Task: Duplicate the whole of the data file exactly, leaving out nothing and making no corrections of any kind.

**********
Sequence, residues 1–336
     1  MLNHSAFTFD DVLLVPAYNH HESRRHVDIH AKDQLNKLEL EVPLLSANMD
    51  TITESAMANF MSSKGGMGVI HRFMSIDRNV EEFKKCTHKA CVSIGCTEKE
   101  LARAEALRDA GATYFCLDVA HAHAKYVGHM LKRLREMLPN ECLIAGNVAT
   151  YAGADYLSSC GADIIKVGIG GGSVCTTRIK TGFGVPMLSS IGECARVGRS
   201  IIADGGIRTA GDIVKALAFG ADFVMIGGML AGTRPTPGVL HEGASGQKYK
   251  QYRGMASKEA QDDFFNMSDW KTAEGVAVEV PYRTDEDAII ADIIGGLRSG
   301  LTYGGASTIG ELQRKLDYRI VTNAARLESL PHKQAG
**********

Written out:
Sequence, residues 1–336
     1  MLNHSAFTFD DVLLVPAYNH HESRRHVDIH AKDQLNKLEL EVPLLSANMD
    51  TITESAMANF MSSKGGMGVI HRFMSIDRNV EEFKKCTHKA CVSIGCTEKE
   101  LARAEALRDA GATYFCLDVA HAHAKYVGHM LKRLREMLPN ECLIAGNVAT
   151  YAGADYLSSC GADIIKVGIG GGSVCTTRIK TGFGVPMLSS IGECARVGRS
   201  IIADGGIRTA GDIVKALAFG ADFVMIGGML AGTRPTPGVL HEGASGQKYK
   251  QYRGMASKEA QDDFFNMSDW KTAEGVAVEV PYRTDEDAII ADIIGGLRSG
   301  LTYGGASTIG ELQRKLDYRI VTNAARLESL PHKQAG